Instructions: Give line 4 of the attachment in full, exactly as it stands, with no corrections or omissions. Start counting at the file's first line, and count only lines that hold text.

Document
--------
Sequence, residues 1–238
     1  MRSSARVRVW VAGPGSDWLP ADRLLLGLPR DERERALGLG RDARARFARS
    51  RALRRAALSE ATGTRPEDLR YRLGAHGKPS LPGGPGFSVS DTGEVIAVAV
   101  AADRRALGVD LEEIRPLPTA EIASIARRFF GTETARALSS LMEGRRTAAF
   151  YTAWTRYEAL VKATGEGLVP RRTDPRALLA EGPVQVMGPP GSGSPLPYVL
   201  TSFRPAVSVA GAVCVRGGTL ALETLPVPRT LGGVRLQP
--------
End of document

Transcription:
   101  AADRRALGVD LEEIRPLPTA EIASIARRFF GTETARALSS LMEGRRTAAF